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Electric Cars More Harmful to Environment, Says IIT Kanpur Study

A recent study by the Indian Institute of Technology (IIT) Kanpur has challenged the claim that electric vehicles (EVs) are more environment-friendly than hybrid cars and conventional internal combustion engine cars.

The study, which was conducted by Prof Avinash Agarwal of IIT Kanpur's Engine Research Lab, found that battery electric cars (BEVs) emit 15-50 per cent more greenhouse gases (GHGs) in different categories than other vehicles.

The study found that the manufacturing, use and scrapping of BEVs produces more GHGs than hybrid and conventional engine cars. This is because the battery used in BEVs requires a lot of energy to produce, and the electricity used to charge the battery is often generated from fossil fuels.

The study also found that the purchase, insurance and maintenance of BEVs are also costlier by 15-60 per cent.

The study's findings have implications for the government's plans to promote EVs in India. The government has been offering subsidies and tax breaks to buyers of EVs, but the IIT Kanpur study suggests that these incentives may not be enough to offset the higher costs of owning and operating an EV.

The study also found that hybrid electric cars (HEVs) are the most eco-friendly. HEVs have a gasoline engine and an electric motor, and they can switch between the two power sources depending on the driving conditions. This allows HEVs to achieve better fuel efficiency than conventional cars.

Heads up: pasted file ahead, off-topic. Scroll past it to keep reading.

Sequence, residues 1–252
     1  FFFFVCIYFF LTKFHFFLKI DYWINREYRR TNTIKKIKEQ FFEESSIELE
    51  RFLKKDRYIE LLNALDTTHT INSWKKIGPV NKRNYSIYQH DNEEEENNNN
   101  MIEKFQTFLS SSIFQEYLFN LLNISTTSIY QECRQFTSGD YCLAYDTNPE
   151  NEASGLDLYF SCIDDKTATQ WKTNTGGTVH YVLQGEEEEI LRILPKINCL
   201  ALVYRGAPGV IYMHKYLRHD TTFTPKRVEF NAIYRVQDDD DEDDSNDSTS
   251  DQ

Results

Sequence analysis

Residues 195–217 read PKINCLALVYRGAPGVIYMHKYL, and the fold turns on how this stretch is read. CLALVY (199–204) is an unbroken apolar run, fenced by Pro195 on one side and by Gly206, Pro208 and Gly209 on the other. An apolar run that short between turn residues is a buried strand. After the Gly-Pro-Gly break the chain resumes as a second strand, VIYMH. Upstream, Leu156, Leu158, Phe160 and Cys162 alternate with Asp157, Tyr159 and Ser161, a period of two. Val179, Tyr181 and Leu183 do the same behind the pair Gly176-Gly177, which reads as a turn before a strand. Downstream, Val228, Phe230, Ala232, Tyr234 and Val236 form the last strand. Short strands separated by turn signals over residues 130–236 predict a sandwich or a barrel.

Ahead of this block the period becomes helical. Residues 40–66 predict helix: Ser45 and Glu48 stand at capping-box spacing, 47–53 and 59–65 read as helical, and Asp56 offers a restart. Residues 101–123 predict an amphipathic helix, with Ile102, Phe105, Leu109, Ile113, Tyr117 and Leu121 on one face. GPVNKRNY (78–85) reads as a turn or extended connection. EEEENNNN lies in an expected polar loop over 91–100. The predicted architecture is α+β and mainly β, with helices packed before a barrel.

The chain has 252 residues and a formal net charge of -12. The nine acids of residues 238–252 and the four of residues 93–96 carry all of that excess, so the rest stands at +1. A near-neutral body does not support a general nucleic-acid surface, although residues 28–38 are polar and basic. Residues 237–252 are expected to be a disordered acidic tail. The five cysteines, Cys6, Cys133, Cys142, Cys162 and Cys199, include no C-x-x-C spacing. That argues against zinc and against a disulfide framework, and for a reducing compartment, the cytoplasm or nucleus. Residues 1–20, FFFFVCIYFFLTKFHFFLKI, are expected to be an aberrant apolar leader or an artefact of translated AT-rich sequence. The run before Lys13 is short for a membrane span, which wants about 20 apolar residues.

The IIT Kanpur study's findings suggest that the government should focus on promoting HEVs rather than BEVs. HEVs are more affordable and environmentally friendly than BEVs, and they are also more practical for most Indian drivers.

The government should also consider removing the subsidies and tax breaks for BEVs. These incentives are not necessary, and they are actually making BEVs more expensive than they need to be.

The IIT Kanpur study's findings are a wake-up call for the government. The government needs to reconsider its plans to promote EVs in India. BEVs are not the answer, and the government should focus on promoting HEVs instead.

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